The stock market is made up of thousands of companies, most of which do a good job of creating value for their shareholders. But it wasn't that long ago that we witnessed some of the most egregious abuses of fiduciary responsibility in history. Over the past decade, we watched as numerous companies took big hits from scandals.
Adelphia Communications collapsed under the weight of $2.3 billion in off-balance sheet debt and questionable spending on personal expenses that eventually led to the conviction of its founder and his son for conspiracy and bank fraud. Likewise, Tyco International
The scary part is that there are still bad apples out there that could spoil the bunch for everyone. New regulations have curbed some of the most obscene abuses of power, such as John Thain spending $1.2 million decorating his office while his company spiraled downward in the run-up to the financial crisis. Still, there exists a subset of companies that frankly don't care about you or your money -- and you may want to think twice before investing in these stocks.
Long before Israeli-based Protalix BioTherapeutics
Even worse, in October 2007, with Protalix's stock having closed the previous day at $36.36 a share, the company brought to market a secondary share offering, which was priced at $5. Yes, you are reading that correctly -- five dollars, or more than an 85% discount! The following day, the stock price dove to $6.31 and has never come close to recovering. To top this off, in addition to all the new company stock offerings, insiders have systemically sold off their own shares, while I found only one outright insider purchase. Talk about a company that doesn't care about you or your money!
Pass the caviar
Apathy for shareholders can come in many forms, but nothing is potentially as scary as a CEO gone wild. Shareholders of Abercrombie & Fitch
Abercrombie & Fitch CEO Michael Jeffries is no stranger to the spotlight. He's been pocketing healthy compensation packages for years despite heading a retailer that's had its fair share of ups and downs. What really put shareholders into an uproar was news last year that the company cut Jeffries a check for $4 million just to curtail his usage of the company's private jet. Needless to say, it didn't go over well with shareholders. Not to be outdone, Jeffries also announced in August that he intended to sell as much as 1.79 million shares of his stock.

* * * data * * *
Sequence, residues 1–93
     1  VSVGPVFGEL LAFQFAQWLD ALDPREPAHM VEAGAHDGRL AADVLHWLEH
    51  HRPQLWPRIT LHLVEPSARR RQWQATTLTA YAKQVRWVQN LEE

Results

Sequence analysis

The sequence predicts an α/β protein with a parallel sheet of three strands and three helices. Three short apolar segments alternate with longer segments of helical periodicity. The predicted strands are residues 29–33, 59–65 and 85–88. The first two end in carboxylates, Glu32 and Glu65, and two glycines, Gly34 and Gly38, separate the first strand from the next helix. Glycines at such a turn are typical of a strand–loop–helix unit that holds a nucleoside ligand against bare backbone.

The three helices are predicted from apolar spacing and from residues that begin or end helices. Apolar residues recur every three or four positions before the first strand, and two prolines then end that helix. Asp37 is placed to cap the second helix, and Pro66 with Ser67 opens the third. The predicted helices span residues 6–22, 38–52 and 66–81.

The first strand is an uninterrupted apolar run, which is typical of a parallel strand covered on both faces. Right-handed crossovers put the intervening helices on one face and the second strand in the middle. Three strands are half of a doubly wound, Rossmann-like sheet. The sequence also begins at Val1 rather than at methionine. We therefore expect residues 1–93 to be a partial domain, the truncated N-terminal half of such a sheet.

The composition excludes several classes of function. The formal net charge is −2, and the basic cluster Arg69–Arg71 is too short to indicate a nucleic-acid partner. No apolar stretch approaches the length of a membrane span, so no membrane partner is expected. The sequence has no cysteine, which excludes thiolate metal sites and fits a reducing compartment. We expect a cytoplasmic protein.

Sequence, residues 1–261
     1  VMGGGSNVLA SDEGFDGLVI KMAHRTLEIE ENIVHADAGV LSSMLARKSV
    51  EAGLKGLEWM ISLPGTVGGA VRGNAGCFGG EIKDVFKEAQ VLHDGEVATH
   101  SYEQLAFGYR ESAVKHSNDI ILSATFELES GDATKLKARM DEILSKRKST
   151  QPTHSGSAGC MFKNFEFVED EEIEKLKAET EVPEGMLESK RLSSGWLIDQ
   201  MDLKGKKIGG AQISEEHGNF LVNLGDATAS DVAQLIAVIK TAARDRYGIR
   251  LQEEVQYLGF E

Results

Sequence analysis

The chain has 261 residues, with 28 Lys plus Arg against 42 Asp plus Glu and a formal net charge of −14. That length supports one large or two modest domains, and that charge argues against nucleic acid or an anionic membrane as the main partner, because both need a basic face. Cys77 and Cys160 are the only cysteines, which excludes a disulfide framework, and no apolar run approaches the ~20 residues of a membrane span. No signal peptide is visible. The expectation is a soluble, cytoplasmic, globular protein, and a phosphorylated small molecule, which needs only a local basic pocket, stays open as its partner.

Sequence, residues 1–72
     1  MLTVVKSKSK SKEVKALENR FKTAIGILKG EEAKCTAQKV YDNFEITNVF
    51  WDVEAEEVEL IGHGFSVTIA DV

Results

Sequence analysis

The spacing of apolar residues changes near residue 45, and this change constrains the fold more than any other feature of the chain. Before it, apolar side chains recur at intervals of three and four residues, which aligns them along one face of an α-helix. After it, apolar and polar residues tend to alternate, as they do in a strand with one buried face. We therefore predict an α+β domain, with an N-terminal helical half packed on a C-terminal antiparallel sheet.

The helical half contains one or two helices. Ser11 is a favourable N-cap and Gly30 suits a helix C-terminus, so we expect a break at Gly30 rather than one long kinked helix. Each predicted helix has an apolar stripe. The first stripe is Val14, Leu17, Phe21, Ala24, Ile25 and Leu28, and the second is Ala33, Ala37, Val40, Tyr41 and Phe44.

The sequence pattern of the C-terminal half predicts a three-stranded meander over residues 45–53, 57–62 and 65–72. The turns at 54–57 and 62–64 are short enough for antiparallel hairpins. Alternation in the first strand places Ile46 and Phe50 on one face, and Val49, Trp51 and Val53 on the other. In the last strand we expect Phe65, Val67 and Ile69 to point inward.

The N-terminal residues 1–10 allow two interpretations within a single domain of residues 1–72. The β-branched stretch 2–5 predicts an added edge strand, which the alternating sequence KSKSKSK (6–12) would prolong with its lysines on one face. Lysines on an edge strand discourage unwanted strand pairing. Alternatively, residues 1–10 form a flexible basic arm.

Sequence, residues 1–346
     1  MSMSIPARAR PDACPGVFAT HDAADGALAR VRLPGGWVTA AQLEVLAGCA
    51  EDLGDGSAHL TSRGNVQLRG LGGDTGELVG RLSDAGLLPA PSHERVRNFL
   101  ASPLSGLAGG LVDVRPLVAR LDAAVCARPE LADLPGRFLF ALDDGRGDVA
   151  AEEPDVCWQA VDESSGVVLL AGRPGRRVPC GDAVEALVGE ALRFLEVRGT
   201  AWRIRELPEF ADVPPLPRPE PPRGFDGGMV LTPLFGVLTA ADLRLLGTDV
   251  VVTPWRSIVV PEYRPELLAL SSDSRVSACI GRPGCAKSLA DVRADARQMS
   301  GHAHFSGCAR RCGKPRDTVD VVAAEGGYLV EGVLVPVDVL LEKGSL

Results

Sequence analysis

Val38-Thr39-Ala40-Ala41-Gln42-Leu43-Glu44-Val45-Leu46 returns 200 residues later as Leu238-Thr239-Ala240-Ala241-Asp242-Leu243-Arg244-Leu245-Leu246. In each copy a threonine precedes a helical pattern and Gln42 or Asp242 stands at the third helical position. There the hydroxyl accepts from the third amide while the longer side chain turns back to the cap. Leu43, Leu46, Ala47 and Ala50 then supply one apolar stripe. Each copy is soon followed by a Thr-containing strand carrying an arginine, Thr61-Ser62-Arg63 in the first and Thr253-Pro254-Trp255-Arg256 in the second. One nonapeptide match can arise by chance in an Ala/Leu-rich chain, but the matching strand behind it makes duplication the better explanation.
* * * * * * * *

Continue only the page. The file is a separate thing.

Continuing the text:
Since its purchase of Eckerd in 2007, Rite-Aid has been unable to tackle its long-term debt, which now stands at $6.1 billion. But that hasn't stopped newly appointed CEO John Standley's reported total compensation from rising from $2.3 million in its fiscal 2009 year to $4.5 million in fiscal 2010. Rite-Aid remains unprofitable and has struggled just to maintain the minimum listing requirements on the NYSE, yet its CEO appears to be looking in the other direction.
No soup for you
The next company on my list may come as a complete shock to you: Apple
Apple generated a mind-boggling $9.8 billion in operating cash flow last quarter, but shareholders aren't going to see a penny of it. Apple has $27 billion in cash and an additional $32.7 billion in long-term marketable securities, but don't expect the company to begin paying a dividend or buying back shares anytime soon.
The companies mentioned here are far from frauds, but it doesn't appear that they are doing everything, and in some cases anything, to increase shareholder value. I'm left wondering: Do they really care about you?
What's your take on the fiduciary responsibility of management? Feel free to share your thoughts in the comments section and consider adding these stocks and your personal portfolio to My Watchlist.